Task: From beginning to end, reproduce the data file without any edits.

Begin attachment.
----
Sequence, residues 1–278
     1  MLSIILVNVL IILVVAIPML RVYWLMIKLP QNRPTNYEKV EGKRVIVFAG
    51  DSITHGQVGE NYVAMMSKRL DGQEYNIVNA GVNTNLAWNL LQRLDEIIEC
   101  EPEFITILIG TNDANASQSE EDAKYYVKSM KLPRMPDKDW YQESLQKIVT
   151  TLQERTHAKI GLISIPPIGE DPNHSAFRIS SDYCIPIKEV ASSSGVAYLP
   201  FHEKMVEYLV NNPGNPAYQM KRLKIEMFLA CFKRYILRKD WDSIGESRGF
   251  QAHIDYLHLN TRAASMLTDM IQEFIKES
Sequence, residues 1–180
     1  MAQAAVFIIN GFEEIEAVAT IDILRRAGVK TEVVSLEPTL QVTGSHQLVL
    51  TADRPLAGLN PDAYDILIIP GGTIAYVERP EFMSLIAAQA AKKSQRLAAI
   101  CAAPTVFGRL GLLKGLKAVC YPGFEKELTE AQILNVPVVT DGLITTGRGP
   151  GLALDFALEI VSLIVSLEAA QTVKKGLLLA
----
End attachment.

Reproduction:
Sequence, residues 1–278
     1  MLSIILVNVL IILVVAIPML RVYWLMIKLP QNRPTNYEKV EGKRVIVFAG
    51  DSITHGQVGE NYVAMMSKRL DGQEYNIVNA GVNTNLAWNL LQRLDEIIEC
   101  EPEFITILIG TNDANASQSE EDAKYYVKSM KLPRMPDKDW YQESLQKIVT
   151  TLQERTHAKI GLISIPPIGE DPNHSAFRIS SDYCIPIKEV ASSSGVAYLP
   201  FHEKMVEYLV NNPGNPAYQM KRLKIEMFLA CFKRYILRKD WDSIGESRGF
   251  QAHIDYLHLN TRAASMLTDM IQEFIKES
Sequence, residues 1–180
     1  MAQAAVFIIN GFEEIEAVAT IDILRRAGVK TEVVSLEPTL QVTGSHQLVL
    51  TADRPLAGLN PDAYDILIIP GGTIAYVERP EFMSLIAAQA AKKSQRLAAI
   101  CAAPTVFGRL GLLKGLKAVC YPGFEKELTE AQILNVPVVT DGLITTGRGP
   151  GLALDFALEI VSLIVSLEAA QTVKKGLLLA